Chorus: Oh, dem golden slippers! Oh, dem golden slippers!
Golden slippers dat I'm gwine to wear be-case they look so neat;
Oh, dem golden slippers! Oh, dem golden slippers!
Golden slippers I'm gwine to wear to walk de golden street.

Oh, my ole banjo hangs on de wall
Kase it ain't been tuned since way last fall,
But de darks all say we will hab a good time,
When we ride up in de chariot in the morn;
Dars ole Brudder Ben and Sister Luce,
Dey will telegraph de news to Uncle Bacco Juice,
What a great camp meetin der will be dat day,
When we ride up in de chariot in de morn.

So, it's goodbye, children, I will have to go
Whar de rain don't fall er de wind don't blow,
And yer ulster coats, why yer will not need,
When yer ride up in de chariot in de morn;
But yer golden slippers must be nice and clean,
And yer age must be Just sweet sixteen,
And yer white kid gloves yer will have to wear,
When yer ride up in de chariot in de morn.


Mr. MacGregor's Texture Garden

Who is that trying to sneak in under the gate? Peter Rabbit, of course. My plans for a project about complementary colors red and green, scissor and glue practice, fine-motor work on tearing, folding, crumpling, and curling gradually evolved over several classes into a celebration of Peter Rabbit's famous adventure. Once again I am convinced that children's literature gives meaning and motivation to children's art. The children did not care about tearing paper for it's own sake, but were delighted to rip it to shreds to make lettuce leaves for Peter Rabbit to nibble. They were engrossed in holding scissors the correct way so that they could cut orange paper snips for carrots. They were intrigued to glue a piece of corrugated paper just along one edge so that the "gate" would still open for Peter, where they would have just squirted out big puddles of Elmers. Little hands worked hard to crumple pink tissue paper into "roses" for Peter's mother, and peel red circle stickers for tasty radishes. They gave great effort and concentration to putting the copper brad through the punch hole on the "gate" so Peter would be able to use the "doorknob". One student even created a tossed vegetable salad in a bowl for his bunny! Others tried to create 3-D fences out of straws. Pretty amazing for three to four year-olds.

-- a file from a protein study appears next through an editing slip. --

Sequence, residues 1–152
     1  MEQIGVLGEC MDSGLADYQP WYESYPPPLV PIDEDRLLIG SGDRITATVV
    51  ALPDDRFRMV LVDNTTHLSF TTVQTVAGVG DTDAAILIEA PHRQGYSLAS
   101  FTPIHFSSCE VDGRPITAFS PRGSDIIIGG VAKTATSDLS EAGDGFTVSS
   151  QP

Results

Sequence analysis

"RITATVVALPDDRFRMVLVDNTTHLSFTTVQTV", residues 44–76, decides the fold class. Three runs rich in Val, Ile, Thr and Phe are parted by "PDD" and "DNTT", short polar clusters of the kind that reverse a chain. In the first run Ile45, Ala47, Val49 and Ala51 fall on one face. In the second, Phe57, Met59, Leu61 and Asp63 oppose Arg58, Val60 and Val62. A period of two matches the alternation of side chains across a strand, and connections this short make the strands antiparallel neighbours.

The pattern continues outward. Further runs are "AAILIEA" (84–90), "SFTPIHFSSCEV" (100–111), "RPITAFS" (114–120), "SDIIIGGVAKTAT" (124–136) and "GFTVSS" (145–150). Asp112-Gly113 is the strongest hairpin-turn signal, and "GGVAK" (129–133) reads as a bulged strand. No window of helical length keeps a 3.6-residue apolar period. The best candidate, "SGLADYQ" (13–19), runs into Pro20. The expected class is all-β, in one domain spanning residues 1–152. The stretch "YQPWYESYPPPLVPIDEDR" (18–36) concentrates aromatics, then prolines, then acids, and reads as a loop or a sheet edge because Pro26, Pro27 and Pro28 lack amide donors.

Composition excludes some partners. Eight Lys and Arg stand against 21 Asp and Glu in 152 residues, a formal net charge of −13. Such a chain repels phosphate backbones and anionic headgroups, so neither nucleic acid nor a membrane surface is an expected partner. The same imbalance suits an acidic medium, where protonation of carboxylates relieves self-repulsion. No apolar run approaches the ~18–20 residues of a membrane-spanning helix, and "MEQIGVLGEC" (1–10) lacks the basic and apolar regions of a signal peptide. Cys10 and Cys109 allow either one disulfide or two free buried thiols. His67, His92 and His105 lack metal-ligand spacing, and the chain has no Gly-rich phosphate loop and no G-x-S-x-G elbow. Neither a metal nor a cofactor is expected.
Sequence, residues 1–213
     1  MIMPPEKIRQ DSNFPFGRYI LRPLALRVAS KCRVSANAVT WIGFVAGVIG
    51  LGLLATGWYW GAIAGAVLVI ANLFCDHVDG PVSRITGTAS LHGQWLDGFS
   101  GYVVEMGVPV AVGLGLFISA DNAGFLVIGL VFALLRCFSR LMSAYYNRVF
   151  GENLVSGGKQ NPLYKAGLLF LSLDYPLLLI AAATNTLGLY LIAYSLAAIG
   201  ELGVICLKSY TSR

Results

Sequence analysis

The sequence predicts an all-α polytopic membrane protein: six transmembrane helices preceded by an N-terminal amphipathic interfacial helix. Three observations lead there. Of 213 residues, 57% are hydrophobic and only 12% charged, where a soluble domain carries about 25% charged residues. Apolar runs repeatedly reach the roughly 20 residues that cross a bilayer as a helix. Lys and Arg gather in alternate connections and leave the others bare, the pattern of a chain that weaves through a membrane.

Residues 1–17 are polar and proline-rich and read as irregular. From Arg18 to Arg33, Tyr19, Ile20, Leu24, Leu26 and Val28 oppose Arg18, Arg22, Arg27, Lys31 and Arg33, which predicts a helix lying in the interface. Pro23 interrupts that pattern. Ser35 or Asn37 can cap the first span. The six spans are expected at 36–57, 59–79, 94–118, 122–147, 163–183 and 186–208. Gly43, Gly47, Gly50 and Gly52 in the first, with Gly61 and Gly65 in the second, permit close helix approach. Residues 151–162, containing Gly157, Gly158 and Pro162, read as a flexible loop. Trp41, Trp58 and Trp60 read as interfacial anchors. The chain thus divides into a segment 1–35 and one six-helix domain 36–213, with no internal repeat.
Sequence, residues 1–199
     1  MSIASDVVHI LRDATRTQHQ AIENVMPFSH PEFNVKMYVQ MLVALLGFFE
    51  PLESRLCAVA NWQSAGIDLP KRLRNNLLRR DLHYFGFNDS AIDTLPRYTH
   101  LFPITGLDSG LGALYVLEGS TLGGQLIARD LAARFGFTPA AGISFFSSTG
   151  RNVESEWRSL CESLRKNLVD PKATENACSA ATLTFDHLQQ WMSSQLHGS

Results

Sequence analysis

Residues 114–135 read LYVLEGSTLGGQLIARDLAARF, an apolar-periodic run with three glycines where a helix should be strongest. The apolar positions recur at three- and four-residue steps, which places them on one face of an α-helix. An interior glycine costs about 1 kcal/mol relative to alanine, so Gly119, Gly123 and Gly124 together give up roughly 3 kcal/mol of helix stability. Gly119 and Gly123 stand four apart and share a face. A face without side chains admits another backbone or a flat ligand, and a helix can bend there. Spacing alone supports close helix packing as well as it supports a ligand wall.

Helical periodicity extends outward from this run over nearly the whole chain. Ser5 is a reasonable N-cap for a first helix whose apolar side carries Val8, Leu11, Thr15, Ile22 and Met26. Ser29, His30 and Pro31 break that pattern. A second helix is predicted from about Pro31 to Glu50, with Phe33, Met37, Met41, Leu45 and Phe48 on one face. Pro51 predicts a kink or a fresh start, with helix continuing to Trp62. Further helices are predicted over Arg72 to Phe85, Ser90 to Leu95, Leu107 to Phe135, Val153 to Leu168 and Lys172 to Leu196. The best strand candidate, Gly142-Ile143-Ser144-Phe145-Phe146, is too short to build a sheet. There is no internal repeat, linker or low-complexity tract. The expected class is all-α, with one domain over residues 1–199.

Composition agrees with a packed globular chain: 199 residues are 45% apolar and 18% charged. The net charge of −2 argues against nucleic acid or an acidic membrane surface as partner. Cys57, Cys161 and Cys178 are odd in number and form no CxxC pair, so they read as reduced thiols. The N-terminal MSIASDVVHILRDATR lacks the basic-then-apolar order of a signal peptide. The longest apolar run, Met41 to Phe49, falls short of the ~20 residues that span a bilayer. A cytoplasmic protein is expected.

I'm delighted to find tiny lizards on my patio fence and window sills today. It is eighty-four degrees! Yesterday was my ex's fiftieth birthday, but I mainly remember that March nineteenth is the first Burpee day for planting peas and radishes in Omaha, Nebraska. All danger of frost is past down here, and the air conditioner is running!


Five Star ERs

I am glad to report that visits to the emergency room have dropped off sharply now that the boys are in their late teens and even twenties. Think the last visit was a broken collar bone due to an incredibly stupid Thanksgiving tackle football game between the speech team and the tech theatre crew.

There are major eras in the parenting of three sons, and the eras may overlap. Toilet-training, allow ten years. Camouflage attire, allow ten years. Automotive lust phase, allow ten years, but with frequent relapses. And then there's the ER phase. You remember those Wonder Bread commercials where your child grows amid red, yellow, and blue balloons? The emergency room phase grows from stitches and asthma through broken arms, legs, and collar bones, past eye injury emergencies, weird bug bite reactions, hideous (smelly) skin rashes, strategic poison ivy, and allergy shot overdoses.

Boys have a talent for injuring themselves during family vacations. It's a gift. And so I thought other parents might appreciate a travel guide to emergency rooms. The best one we visited took an xray of a plastic ninja turtle to dispel anxiety. We kept that xray film for years....Other parents might appreciate my hard-won hints for dealing with Blue Cross in other states. The travel guide was one of many great ideas for getting rich. Another was a line of holiday cards featuring the caroling peanut family...

Social Event of the Season

Fan me while I swoon! Just got my invitation to the WASTE (Wonderful Art Supplies for Teachers and Educators) spring giveaway of containers from Raytheon's manufacturing processes and shipping containers and Alcatel's recycled office supplies. To an art teacher this is bigger than the debutante ball and Miss Ellie's Southfork barbecue combined. Part Easter egg hunt, part million dollar beat-the-clock shopping spree, part tailgate party, part professional discussion round-table, part eco shave-the-whale rally, all art teachers going ooh-aah over Really Good Junk. Yankee ingenuity way down south, and the saved string and canning jars in grandma's cellar going high tech.